The Curious Case of Brian Roberts

Published: March 22, 2014

Two summers ago the Pelicans offered former Dayton star Brian Roberts a spot on their summer league team, hoping that he could give a little spark off the bench when rookie Austin Rivers needed a break in the glorified pickup games. Cut to a little less than two years later and he is the starting point guard on a team that spent nearly $140 million in guaranteed money on guards the past two years, as well as a 10th overall pick. And because he is starting and playing reasonably well, they are faced with an unenviable decision as we come down the stretch this season.

The new NBA Collective Bargaining Agreement is, in some ways, radically different from the previous one. An issue that was brought up during the meetings by players was that certain guys were often drastically underpaid in their rookie contracts. Sometimes guys who were drafted late in the first round, or even in the second round, would drastically outperform where they were selected and were left playing for peanuts despite their productivity. Owners countered that the reverse is often true; that sometimes a guy is drafted high and underperforms early in his career.

The two sides came to a compromise that would allow players who outperformed expectations to a raise in their restricted years, while guys who underperformed would have their qualifying offer reduced. In order for a guy drafted later to be bumped up, he would have to meet what they deemed the ‘starter criteria.’ The starter criteria is met by the player getting 41 starts or logging 2000 minutes in the season before he is going to become a restricted free agent. If he meets this criteria, his qualifying offer will raise dramatically.

In Brian Roberts case, he will be eligible for a qualifying offer of $3.23 million if he meets this criteria. His qualifying offer if he doesn’t? $1.12 million. Roberts won’t be able to log the 2000 minutes needed to meet the starter criteria, but after last night’s game, he has now started 35 games for the Pelicans this season. Six more starts and he meets the criteria and the qualifying offer to Roberts practically triples.

Now, the Pelicans don’t have to offer Roberts the qualifying offer in any case. They can choose to forgo that and allow him to become an unrestricted free agent. And since he has been on the team for two years, they will have Early Bird Rights, allowing them to go over the cap to sign him. But if they really wanted to keep Roberts, it is always better to have a player restricted than unrestricted. And putting out a qualifying offer of $1.12 million is a no brainer for a guard who has been relatively productive. But $3.23 million? At that price, you have to question whether he provides that much value to a team that has not only Jrue Holiday coming back, but Pierre Jackson waiting in the wings.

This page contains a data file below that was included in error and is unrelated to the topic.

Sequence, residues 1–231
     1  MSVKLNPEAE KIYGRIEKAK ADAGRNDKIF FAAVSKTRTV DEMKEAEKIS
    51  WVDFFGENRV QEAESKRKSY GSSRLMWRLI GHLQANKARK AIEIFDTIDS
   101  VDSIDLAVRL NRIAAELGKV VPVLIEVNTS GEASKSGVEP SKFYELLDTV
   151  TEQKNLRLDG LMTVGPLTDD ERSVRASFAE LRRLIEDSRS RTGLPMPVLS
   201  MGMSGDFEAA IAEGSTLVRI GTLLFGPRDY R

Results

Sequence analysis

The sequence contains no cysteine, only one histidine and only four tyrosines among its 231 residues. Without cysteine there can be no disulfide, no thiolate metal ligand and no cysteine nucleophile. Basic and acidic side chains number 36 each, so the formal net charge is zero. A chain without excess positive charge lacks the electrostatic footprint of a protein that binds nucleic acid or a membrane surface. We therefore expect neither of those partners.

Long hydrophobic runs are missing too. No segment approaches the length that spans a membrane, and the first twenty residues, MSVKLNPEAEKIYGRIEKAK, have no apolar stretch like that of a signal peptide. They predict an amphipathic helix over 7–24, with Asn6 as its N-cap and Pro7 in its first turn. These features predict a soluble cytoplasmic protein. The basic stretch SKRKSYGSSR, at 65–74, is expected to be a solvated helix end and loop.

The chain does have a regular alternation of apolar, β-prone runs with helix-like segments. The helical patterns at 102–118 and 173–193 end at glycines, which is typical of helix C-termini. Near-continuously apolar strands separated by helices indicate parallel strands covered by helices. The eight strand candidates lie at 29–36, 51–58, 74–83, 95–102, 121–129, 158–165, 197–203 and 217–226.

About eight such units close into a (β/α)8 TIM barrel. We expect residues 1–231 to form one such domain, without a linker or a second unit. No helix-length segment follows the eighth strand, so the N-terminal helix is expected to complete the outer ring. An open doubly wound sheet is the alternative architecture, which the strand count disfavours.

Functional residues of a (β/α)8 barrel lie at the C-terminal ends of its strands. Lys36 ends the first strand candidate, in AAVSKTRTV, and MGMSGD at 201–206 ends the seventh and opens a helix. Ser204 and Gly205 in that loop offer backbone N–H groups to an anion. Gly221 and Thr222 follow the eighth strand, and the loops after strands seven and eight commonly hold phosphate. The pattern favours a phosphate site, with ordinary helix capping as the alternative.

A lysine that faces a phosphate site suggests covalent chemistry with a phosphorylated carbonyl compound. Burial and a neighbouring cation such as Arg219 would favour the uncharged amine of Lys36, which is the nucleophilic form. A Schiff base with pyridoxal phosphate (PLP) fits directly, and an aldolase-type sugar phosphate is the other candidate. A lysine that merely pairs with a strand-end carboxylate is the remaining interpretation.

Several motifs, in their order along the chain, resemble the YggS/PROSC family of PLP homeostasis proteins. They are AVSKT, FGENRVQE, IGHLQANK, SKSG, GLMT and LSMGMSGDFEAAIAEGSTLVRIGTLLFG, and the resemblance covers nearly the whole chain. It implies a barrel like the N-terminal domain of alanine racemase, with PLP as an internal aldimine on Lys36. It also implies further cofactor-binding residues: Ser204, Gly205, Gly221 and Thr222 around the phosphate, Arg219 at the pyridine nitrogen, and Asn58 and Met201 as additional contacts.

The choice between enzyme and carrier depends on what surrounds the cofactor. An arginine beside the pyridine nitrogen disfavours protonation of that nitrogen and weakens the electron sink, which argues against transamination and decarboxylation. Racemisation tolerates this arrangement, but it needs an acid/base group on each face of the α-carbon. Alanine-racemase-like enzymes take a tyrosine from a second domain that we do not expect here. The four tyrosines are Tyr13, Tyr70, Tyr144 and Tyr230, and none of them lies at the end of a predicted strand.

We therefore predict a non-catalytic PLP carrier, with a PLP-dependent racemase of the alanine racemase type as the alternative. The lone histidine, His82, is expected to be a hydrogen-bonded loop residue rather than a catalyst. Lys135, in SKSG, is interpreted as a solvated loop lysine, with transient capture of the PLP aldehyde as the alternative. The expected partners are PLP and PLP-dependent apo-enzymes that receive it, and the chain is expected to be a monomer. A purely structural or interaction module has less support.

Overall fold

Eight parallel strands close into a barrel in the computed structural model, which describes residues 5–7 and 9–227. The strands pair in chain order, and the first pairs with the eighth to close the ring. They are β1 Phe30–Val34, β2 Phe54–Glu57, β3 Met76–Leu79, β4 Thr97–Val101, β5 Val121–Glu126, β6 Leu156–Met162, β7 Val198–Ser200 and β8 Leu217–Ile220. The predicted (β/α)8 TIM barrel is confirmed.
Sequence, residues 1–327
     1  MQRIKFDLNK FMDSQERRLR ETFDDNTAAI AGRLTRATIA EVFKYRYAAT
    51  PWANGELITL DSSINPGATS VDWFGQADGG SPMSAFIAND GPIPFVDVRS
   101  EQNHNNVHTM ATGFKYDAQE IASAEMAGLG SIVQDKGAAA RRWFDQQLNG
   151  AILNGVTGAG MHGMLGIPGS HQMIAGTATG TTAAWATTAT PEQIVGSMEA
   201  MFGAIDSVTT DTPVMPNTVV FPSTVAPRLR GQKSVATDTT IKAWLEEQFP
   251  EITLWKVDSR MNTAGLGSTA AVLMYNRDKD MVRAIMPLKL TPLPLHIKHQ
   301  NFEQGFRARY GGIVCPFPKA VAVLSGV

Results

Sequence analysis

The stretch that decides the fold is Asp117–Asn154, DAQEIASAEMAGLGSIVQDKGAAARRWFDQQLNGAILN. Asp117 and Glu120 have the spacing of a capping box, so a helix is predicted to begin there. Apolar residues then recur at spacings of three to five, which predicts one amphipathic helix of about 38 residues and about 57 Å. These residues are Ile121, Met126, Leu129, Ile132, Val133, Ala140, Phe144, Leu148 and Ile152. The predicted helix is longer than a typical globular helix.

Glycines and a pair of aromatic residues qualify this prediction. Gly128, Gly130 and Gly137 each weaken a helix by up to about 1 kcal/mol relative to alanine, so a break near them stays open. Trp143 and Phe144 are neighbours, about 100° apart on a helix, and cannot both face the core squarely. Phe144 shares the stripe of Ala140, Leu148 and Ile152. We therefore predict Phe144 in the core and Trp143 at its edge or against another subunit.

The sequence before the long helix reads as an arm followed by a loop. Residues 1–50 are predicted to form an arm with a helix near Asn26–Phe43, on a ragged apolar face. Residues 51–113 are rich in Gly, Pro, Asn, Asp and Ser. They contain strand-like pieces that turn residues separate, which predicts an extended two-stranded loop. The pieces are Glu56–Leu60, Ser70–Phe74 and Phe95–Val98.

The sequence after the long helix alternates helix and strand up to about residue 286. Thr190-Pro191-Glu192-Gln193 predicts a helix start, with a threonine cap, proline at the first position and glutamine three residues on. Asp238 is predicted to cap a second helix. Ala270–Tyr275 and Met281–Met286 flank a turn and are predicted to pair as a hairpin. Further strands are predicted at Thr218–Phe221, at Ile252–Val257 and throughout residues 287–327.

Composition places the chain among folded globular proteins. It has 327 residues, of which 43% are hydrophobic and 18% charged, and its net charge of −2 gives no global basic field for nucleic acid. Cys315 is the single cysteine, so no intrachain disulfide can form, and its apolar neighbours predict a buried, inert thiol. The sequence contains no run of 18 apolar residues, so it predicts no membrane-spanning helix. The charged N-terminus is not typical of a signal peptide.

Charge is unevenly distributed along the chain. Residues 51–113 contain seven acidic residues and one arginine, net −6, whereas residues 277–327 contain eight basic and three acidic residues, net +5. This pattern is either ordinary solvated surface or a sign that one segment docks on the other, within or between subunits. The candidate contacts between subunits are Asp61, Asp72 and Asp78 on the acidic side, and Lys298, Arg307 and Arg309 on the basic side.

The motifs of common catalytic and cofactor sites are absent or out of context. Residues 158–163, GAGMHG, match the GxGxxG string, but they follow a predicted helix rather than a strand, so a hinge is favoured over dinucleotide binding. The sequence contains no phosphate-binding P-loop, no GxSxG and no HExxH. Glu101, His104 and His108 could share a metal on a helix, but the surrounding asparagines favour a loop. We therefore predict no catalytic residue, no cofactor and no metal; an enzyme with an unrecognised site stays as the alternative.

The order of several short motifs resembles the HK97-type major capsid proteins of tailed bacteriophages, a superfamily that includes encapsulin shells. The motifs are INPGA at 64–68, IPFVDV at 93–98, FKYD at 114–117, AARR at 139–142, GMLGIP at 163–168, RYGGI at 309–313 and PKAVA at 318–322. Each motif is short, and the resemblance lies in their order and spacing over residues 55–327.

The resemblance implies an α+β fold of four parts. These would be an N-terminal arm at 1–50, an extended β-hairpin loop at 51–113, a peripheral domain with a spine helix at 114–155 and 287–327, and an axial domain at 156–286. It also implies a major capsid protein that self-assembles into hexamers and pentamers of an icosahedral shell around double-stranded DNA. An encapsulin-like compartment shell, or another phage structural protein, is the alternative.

For those who are unfamiliar with the process, if you extend a guy a qualifying offer and he signs it, that contract now becomes guaranteed. So, if the Pelicans extend him the offer to keep him restricted and he shops himself around but gets no buyers, he can just sign the offer and now the Pelicans are paying another guard money that can help fill a bigger need. If he signs the $1.12 million dollar QO, there is no harm done, as that is just slightly more than a minimum contract, but the $3.23 million dollar one potentially eats into some very valuable cap room.

There is something that the Pelicans can do about this, if they so choose: Simply move Roberts back to the bench. Monty has hinted in the past that he would start to play some younger guys as development becomes the primary goal. Might it be smart to allow Austin Rivers to start for the rest of the season. He also said he wants to see Tyreke at PG more often. How about putting Evans in the backcourt next to Gordon while Roberts comes off the bench?

Would this be ethical? Could the Pelicans do this, knowing it helps them with his contract this summer, and risk their relationship with Roberts and his agent? And not just those two, but how would the other players in the locker room view the team taking a potential two million dollars out of a guys’ pocket who has worked so hard to get where he is today? Would it be worth doing an underhanded thing like that in the long run?

It’s an interesting dilemma that the Pelicans have on their hands here, one they might have been able to avoid by making a switch to Austin Rivers a few weeks back. But now, we are here, less than two weeks away from Roberts crossing this threshold. And once he does, it will put the Pelicans in an awkward position as they head into the summer. Do they risk overpaying him or risk losing him for nothing? If he would have just been a reserve, going into the summer with a small QO, it would have been a win-win for the Pelicans. Either keep him for cheap or move him to an interested team who wants his services. Now, it is headed for a lose-lose proposition. Overpay or let him walk. Or maybe, just maybe, you don’t let him meet the criteria in the first place.

What would you do?


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